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Guys! Did You Know All The Code In Tech Movies Is Fake?

An engineer at Cloudflare has definitively proven what we all suspected—but there's a twist.

Guys! Did You Know All The Code In Tech Movies Is Fake?

In the pilot episode for the 2011 re-imagining of the TV show Charlie’s Angels a floor safe is found beneath Gloria’s kitty litter box. While breaking into the safe the image in question appears. The code is a snippet of a Sudoku puzzle solver written for the Obfuscated C code contest in 2005.

[Images via Source Code in TV and Films]

Fans of Dr. Who might be disappointed to know that their hero isn't actually parsing a screen full of code in the season seven episode "Dinosaurs on a Spaceship." Actually, what he's looking at is an SVG file of a light wave from Wikipedia.

John Graham-Cumming, a programmer for CloudFlare, is uncovering Hollywood's tomfoolery in his Tumblr Source Code in TV and Films. He started pointing out what the code in popular entertainment actually does on January 3 when he pointed out the code in the film Elysium was lifted from a version of the Intel Architecture Software Developer’s Manual and appropriated to reboot the space station.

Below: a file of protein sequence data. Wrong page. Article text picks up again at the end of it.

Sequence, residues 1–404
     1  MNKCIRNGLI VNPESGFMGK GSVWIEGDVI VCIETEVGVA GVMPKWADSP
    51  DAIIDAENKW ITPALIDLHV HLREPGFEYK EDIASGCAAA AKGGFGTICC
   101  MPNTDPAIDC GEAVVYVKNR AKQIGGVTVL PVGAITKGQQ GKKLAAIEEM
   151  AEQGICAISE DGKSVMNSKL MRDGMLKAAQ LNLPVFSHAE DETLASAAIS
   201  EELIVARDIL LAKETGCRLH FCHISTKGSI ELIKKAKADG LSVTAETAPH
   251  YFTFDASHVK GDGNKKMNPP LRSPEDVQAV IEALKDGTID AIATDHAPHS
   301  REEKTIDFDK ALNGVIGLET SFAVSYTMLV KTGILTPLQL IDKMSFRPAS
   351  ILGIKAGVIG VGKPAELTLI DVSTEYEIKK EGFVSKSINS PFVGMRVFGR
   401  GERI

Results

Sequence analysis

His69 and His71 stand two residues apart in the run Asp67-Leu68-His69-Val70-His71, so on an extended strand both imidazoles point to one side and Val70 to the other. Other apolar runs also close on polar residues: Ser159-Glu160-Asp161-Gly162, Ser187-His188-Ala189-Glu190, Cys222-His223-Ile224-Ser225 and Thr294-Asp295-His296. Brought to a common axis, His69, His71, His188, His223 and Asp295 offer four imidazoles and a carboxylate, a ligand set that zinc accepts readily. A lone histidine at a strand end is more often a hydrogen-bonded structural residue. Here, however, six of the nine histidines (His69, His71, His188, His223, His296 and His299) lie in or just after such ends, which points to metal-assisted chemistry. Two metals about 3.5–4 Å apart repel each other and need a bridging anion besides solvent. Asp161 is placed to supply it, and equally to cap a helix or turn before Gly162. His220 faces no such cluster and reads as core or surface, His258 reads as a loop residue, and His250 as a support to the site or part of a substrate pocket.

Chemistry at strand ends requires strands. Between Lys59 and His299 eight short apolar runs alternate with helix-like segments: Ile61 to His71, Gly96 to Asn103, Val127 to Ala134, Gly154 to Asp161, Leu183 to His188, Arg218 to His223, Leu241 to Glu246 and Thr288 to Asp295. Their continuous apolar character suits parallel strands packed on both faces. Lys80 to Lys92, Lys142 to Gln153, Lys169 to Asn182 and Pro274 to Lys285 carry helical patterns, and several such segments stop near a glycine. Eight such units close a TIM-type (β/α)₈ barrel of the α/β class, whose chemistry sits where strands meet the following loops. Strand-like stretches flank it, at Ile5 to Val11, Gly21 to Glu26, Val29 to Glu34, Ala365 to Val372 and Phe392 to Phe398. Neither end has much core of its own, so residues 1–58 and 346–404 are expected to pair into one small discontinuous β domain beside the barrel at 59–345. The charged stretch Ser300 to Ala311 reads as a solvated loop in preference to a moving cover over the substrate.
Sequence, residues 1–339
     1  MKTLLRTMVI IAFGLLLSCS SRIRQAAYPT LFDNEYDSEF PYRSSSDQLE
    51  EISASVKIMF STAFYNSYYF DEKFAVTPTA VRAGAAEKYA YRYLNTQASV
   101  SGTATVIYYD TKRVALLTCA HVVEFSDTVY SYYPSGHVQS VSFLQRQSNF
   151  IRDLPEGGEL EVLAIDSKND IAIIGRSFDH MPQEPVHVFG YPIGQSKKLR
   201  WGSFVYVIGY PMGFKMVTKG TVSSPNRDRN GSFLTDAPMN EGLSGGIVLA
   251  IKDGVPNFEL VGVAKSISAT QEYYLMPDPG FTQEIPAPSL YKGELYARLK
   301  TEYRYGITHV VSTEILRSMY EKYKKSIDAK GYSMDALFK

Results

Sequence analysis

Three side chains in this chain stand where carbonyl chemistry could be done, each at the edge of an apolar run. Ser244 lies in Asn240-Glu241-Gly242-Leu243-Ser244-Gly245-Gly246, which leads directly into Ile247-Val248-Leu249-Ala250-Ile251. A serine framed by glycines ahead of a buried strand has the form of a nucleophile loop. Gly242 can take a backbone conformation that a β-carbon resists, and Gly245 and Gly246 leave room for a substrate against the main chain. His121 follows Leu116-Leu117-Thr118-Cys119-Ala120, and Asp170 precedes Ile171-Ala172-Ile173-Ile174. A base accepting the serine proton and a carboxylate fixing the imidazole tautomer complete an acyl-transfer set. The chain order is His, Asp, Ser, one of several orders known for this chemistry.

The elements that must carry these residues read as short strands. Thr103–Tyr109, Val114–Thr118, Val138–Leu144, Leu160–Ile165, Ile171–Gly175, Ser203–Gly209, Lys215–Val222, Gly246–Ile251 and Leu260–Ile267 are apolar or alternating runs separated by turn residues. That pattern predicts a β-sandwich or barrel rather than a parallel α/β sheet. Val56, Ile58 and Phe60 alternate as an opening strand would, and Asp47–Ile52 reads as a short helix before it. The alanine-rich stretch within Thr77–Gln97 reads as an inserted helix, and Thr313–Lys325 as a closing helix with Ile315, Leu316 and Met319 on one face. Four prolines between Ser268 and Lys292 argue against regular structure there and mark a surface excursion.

The resulting hilarity via the laziness of producers and the industry's basic assumption that viewers won't actually care enough to fact check is priceless. Case in point: CSI:NY trying to pass two pages of HTML headers in a silly handwritten font as a hack to Gears of War.

Amongst the gibberish and nonsense, though, are a few legitimate uses of programming languages. Graham-Cumming points out the SQL in The Girl With the Dragon Tattoo appears to be legitimate for researching murders. The JavaScript code from Stargate SG1: The Ark of Truth is correct, the only problem being that it's actually written for a Canadian bank.

The Tumblr isn't long (yet), but it's worth going through the five pages of archives for a giggle and, more productively, to see a discussion happening among bored programmers. If you're time crunched, there's a 10-question quiz based on posts from Graham-Cumming's findings.

It's amazing that "movie code" isn't compete gibberish; we figured it would be generated by something like HackerTyper, where hitting any key generates bunk code in an aesthetically-convincing sandbox. (If you're new to HackerTYper, try hitting the alt (option on a Mac) key three times and see what happens.)